Thursday, February 8, 2018

Donate your body to science?

U.S. body brokers supply world with torsos, limbs and heads. Munitions manufacturers buy more human heads than anyone
By John Shiffman and Reade Levinson
ReutersFebruary 8, 2018

A human forefoot sold and shipped by by Skulls Unlimited is shown with and a finger bone after being unpacked from their shipping box in Washington, U.S., January 8, 2018. REUTERS/Stelios VariasMore

By John Shiffman and Reade Levinson

PORTLAND, Oregon (Reuters) - On July 20, a Hong Kong-flagged cargo ship departed Charleston, South Carolina carrying thousands of containers. One of them held a lucrative commodity: body parts from dozens of dead Americans.

According to the manifest, the shipment bound for Europe included about 6,000 pounds of human remains valued at $67,204. To keep the merchandise from spoiling, the container’s temperature was set to 5 degrees Fahrenheit.

The body parts came from a Portland business called MedCure Inc. A so-called body broker, MedCure profits by dissecting the bodies of altruistic donors and sending the parts to medical training and research companies.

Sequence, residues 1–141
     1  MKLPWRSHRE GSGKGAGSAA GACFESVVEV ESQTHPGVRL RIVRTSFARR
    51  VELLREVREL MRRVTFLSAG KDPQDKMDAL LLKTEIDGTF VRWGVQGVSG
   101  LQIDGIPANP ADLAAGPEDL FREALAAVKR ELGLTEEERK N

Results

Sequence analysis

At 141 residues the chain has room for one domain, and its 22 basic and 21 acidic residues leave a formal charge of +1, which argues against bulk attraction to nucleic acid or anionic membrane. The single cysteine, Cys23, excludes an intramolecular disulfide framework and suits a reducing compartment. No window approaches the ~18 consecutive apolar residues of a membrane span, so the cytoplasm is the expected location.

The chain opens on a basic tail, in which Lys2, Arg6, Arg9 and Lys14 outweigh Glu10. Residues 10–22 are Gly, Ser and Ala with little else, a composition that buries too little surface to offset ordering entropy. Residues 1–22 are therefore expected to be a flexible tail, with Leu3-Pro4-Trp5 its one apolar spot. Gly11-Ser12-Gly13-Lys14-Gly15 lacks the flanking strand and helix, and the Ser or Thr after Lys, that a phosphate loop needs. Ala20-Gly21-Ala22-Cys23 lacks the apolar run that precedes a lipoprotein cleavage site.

MedCure sells or leases about 10,000 body parts from U.S. donors annually, shipping about 20

Sunday, February 4, 2018

Nice nice people

Under Amazon ownership, Whole Foods new inventory regime is making workers cry. This is why they have unions. 

jeff bezos
From Daily MailWhole Foods has implemented a strict new inventory management system that includes bi-weekly walk-throughs and random quizzing of employees, and has left many workers feeling stressed out and punished.
The new system is called order-to-shelf (OTS) and has a strict set of procedures for purchasing, displaying and storing products on store shelves and in back rooms that is supposed to make stores more efficient and cut down on waste.
And to make sure stores are following the new procedures – stores are required to use ‘scorecards’ to evaluate each employees performance, according to Business Insider.
Though the system is meant to improve efficiency and stream-line storage, employees described it as onerous, stress inducing and punitive.  ‘The stress has created such a tense working environment’ a supervisor in a West Coast store explained.  ‘Seeing someone cry at work is becoming normal.’   
Business Insider spoke with 27 current and former employees – some of whom had been with the company for up to 20 years.
Many workers are worried the new system will cause them to lose their jobs, and said they spend more time doing OTS-related paperwork than helping customers navigate the stores. 
Executives think the new system cuts cost across stores, reduce employee theft, clears out storage and gives workers more time to engage with customers. And the employees who spoke to Business Insiderwill agree that the former system was ineffective and needed to change – but say the company’s ‘fix’ went too far.